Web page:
Phil Hartman remembered by Jack Handey, the SNL writer behind Unfrozen Caveman Lawyer and other sketches.

The SNL Writer Behind “Unfrozen Caveman Lawyer” Explains the Greatness of Phil Hartman

The SNL Writer Behind “Unfrozen Caveman Lawyer” Explains the Greatness of Phil Hartman

Brow Beat
Slate's Culture Blog
Sept. 24 2014 8:05 AM

Remembering Phil Hartman

Phil Hartman.
“Phil Hartman was perhaps the best cast member, ever, of Saturday Night Live.”

Phil Hartman as himself (middle) by Fred Prouser/Reuters. Collage of SNL stills courtesy of Saturday Night Live and NBC.

This weekend, Saturday Night Live kicks off its 40th season. To mark the occasion we asked writers from the show to tell us about performers they loved writing for. Below, Jack Handey remembers Phil Hartman, who would have turned 66 today.

One day I was hanging out with some SNL writers and cast members in the 17th-floor conference room. It was shortly after the writers had won an Emmy Award for the 1988-89 season. Phil Hartman, who had been a writer as well as a cast member for the winning season, marched in with an 8-by-10 photo of himself. It showed him cradling his Emmy Award in one arm and his newborn child in the other. He tossed the photo down in front of his good friend Jon Lovitz and said, “Check it out, Lovitz—two things you’ll never have.”


It was one of the few times I ever saw Phil clown around at the office. His demeanor was usually that of the reserved, self-contained Everyman. Not cold, but polite and pensive. He usually saved his comic brilliance for Studio 8H, where he was unequalled.

Phil Hartman was perhaps the best cast member, ever, of Saturday Night Live. I loved writing for him. So did the other writers. Phil was rarely “light in the show,” as the saying went.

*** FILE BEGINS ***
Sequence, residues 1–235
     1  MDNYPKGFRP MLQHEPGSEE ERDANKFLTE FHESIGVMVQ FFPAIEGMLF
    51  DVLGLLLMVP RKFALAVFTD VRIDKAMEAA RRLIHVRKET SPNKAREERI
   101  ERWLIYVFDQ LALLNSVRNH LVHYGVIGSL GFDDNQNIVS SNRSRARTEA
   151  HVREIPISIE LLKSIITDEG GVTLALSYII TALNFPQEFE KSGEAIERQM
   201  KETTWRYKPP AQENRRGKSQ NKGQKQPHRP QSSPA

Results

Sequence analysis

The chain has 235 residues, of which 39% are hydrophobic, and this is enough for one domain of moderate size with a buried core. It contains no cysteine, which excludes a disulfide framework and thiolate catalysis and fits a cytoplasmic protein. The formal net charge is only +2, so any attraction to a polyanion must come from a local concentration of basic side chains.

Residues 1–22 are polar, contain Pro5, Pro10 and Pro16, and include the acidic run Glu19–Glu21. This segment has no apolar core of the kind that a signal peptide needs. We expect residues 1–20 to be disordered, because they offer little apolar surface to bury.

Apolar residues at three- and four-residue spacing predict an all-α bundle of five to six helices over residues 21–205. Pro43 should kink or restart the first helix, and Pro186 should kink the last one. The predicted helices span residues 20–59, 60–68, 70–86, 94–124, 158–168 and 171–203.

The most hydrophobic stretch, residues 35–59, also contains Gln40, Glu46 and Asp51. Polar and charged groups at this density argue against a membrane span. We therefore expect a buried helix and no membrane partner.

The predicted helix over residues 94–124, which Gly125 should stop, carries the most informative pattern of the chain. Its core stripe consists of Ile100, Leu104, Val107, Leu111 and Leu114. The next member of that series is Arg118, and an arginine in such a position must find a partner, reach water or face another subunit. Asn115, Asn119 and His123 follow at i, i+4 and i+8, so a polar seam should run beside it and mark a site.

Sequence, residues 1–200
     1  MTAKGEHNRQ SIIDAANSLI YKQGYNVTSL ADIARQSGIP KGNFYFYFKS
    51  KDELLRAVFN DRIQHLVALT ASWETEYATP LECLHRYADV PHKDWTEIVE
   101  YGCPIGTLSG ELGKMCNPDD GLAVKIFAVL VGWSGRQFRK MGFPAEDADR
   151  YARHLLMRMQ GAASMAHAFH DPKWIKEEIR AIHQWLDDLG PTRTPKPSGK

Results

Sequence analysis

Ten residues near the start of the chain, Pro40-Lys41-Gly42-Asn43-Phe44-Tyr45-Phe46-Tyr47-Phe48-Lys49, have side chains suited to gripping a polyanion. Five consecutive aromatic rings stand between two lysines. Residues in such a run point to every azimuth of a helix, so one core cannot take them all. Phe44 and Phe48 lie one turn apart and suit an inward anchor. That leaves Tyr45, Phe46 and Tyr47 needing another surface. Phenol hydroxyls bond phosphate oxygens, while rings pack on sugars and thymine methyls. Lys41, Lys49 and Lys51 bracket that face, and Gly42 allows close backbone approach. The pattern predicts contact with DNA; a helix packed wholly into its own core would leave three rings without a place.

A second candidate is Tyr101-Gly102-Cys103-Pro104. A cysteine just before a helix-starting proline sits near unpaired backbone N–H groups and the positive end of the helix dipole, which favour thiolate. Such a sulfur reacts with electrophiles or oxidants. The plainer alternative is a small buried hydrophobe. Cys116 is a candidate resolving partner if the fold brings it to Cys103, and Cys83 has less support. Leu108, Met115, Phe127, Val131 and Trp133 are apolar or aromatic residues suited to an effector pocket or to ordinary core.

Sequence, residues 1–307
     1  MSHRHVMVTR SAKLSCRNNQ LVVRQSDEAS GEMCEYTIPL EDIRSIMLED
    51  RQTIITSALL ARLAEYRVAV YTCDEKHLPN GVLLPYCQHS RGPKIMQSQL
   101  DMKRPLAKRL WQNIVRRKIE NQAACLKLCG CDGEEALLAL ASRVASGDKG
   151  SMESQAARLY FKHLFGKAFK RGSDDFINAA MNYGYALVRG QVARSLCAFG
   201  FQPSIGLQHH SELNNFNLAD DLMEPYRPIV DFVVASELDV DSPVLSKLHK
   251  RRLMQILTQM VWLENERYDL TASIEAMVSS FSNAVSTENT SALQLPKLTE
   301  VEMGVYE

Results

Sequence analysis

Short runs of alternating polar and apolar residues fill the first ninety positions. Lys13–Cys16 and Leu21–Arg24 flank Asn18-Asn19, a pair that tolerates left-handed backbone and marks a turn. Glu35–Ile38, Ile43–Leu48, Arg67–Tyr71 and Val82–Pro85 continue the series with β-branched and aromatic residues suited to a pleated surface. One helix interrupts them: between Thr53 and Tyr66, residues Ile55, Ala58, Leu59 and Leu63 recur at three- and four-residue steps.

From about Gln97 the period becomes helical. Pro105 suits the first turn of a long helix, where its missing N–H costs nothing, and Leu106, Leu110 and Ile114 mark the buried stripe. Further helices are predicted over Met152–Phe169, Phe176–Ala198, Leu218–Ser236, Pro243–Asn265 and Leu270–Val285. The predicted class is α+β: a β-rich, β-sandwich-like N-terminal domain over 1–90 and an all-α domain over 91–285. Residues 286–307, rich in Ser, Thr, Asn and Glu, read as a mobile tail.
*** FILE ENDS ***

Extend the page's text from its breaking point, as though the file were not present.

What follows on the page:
Roles I gave him, from an unfrozen caveman lawyer to a giant businessman to a frustrated robot, Phil made shine. He was especially good at being the patient, authoritative voice of reason, gently
 explaining to an idiot why he was an idiot, and why he had to stop being an idiot.

He could do any accent. He could play menacing or frightened.


He could basically do it all. You’d hand him the ball and he’d punch it over the goal line. If he couldn’t, the ball you handed him was probably slippery or flat.

Phil was cool under fire. I could go to him in the few minutes between dress and air, usually in the makeup room where they were applying a silly wig or prosthetic I had made him wear, and tell him that I had cut a page out of the script, that now he’d be saying this instead of that, that the chair would now break when he sat down on it, etc. 
He would calmly look over the changes and absorb them. I think he enjoyed the pressure.

In front of the live camera and live audience, he was fearless. He would stick with a piece even if it was dying, never rushing for the door or bailing out on it. And never breaking up.

Away from the show, Phil and I didn’t pal around. We were two professionals who respected each other, and that was enough. One night, at the after-show party, we spent the whole time gabbing and getting drunk. I have no idea what we talked about, but I’m sure it was quite profound.

Ironically, it may have been his incredible versatility that hurt Phil in movies. He wasn’t easy to peg. He wasn’t the crazy wise-ass guy, or the bumbling, clumsy guy. He was too talented to be pigeonholed.

But that’s what made him so great for a writer like me. I didn’t have to build a sketch around his comic persona. I could just write a little play and cast him in it.

Several times since Phil’s death, I’ve had the same dream about him: I am back in the studio, working on Saturday Night Live, and Phil is there! “Phil,” I say, “I thought you were dead!” It turns out that it was a mistake that Phil was dead, or that now he’s some type of reanimated zombie. All I know is I am very happy to see him again.